Monday August 30th, 2021, 1015-1830
RT 7 to Riga Shelter, SOBO AT mm 687.2
4524 gain, 3547 loss
I slept well and had a leisurely morning in town. A trip to the PO and Subway were about all I accomplished. I got a take-away sub to serve as lunch and dinner. We got a ride to trail with a trail angel named Papa Joe. He takes donations and I also bought a canister of fuel from him. He was a hoot, showing us his spreadsheet of hiker stats from 2019. He took detailed notes, getting our names and direction of travel. He’s retired and just seems to be really entertained by hikers.
To start out, we hiked for miles through the river valley, enjoying flat and gently rolling fields. It was great trail and fast, if a bit buggy. Thankfully a breeze was blowing to keep the suckers at bay. I had also put on bug spray. It was like walking in the Shire. We made a lot of LOTR references, with some GOT mixed in just for fun. I also enjoyed a quality petting of some very friendly cows. COWS! I saw so many of those out west but none were friendly like these Massachusetts cows. One licked me with it’s huge tongue and I felt bad that I had bug spray all over my skin. Also, sorry about the beef brisket the other day…I really have been trying to stop eating beef but had a moment of weakness.
We could see a high ridgeline ahead and knew we would be going up it soon. Sure enough, we were climbing steeply. We stopped for a short break at a lookout, where 2 guys came by. One had taken a fall and warned us about the tough, steep terrain. There was a lot of rock slab to negotiate, but it opened up along the edge of some cliffs, offering some really scenic hiking. We could see all the way back to Mt Greylock. I enjoyed this stretch a ton.
We caught up to a SOBO named Heartstring and had lunch with her at a shelter. She was one of those rare thru hikers: middle aged and with 2 kids at home that she was missing greatly. She seemed lonely and was lamenting not having a tramily. She had been hiking with Jinx, my USCGA alum, early on but Jinx had gotten off trail for a spell for a wedding, leaving Heartstring alone.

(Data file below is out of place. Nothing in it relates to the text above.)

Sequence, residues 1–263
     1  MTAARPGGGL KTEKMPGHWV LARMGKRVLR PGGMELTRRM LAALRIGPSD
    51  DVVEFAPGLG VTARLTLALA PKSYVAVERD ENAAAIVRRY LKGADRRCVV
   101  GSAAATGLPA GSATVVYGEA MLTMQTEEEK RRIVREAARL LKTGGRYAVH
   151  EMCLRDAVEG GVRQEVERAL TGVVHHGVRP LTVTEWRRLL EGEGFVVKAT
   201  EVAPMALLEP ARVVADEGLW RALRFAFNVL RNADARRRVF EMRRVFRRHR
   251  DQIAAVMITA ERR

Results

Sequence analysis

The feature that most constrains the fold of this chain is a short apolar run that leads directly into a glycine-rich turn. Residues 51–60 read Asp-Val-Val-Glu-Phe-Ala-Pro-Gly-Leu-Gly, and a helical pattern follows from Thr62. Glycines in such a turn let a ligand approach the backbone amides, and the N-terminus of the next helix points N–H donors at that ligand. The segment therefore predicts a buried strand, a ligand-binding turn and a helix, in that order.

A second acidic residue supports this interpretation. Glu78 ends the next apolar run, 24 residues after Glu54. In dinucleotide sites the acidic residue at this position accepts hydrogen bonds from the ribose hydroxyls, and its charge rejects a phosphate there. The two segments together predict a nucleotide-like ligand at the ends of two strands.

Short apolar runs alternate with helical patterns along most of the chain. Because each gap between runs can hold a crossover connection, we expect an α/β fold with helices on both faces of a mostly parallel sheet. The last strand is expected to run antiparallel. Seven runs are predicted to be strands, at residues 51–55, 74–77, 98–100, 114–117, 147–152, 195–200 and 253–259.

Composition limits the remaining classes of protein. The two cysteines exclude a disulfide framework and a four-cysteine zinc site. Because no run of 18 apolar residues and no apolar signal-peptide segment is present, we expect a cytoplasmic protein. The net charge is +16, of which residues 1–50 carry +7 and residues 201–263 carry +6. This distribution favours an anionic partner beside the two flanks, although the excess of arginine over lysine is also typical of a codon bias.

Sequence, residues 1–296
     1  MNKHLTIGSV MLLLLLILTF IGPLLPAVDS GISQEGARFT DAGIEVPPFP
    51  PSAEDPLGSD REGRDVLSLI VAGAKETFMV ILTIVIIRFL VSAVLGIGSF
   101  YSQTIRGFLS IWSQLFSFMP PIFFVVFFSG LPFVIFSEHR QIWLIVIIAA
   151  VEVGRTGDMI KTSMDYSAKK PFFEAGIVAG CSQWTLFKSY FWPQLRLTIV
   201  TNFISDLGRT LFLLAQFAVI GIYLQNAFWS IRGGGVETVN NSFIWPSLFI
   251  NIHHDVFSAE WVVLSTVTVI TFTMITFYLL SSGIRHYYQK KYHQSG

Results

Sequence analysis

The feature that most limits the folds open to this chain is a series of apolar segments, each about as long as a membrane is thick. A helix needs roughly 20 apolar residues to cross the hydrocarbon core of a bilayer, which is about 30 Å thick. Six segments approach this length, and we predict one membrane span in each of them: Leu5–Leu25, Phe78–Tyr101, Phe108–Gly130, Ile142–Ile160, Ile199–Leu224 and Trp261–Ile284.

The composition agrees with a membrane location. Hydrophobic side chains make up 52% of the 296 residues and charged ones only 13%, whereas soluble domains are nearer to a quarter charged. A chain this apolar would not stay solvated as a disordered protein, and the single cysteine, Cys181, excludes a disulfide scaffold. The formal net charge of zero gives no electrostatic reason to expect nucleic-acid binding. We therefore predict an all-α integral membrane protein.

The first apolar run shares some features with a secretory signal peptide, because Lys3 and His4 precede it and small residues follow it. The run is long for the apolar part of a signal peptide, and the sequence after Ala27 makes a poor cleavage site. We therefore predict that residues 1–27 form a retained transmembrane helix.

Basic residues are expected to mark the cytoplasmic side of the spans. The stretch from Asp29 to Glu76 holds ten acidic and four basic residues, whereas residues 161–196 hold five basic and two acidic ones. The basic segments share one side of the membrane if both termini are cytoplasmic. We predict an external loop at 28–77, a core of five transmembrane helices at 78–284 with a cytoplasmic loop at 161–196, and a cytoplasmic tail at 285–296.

We wished we could have helped in this regard but with our fast pace, it didn’t seem feasible to all hike together. Heartstring was still working her way up to distances over 10 miles, while we have been shooting for minimums in the low 20s. We bid farewell after lunch…I hope she finds some hikers that match her pace.
The last part of the day held a steep climb of Bear Mountain, the tallest peak in Connecticut. In preparation for this, we stopped at the CT/MA border for a soak in the creek. It was cold water and the skies had become cloudy, so I no longer felt too hot. No sooner had I soaked myself and clothes that it started raining. So of course we had to negotiate the steep rock while it was also slippery and streaming water. It’s not enough that parts of the trail are hard, there have to be compounding factors to make it even harder. All the comments in the app warned of how treacherous the trail would be if it were wet…par for the course it seems like.
The thunderstorm let up just as we got to the top. We were able to admire some more views and dramatic clouds. We meet several groups of college kids that were out for their orientation trips. Yale, Trinity, and Dartmouth all do this apparently. At the shelter, we found a pair of SOBOs, Shower Beer and Just Ben. The rain had stopped but I heard thunder in the distance, so I decided to sleep in the shelter. Plus it had a great view down into the valley, which is rare for a shelter. I figured it would be nice to watch the sunrise in the morning. I just had to put up with some pesky skeeters buzzing in my ears until midnight. All in all a really great finish to Massachusetts and start to Connecticut.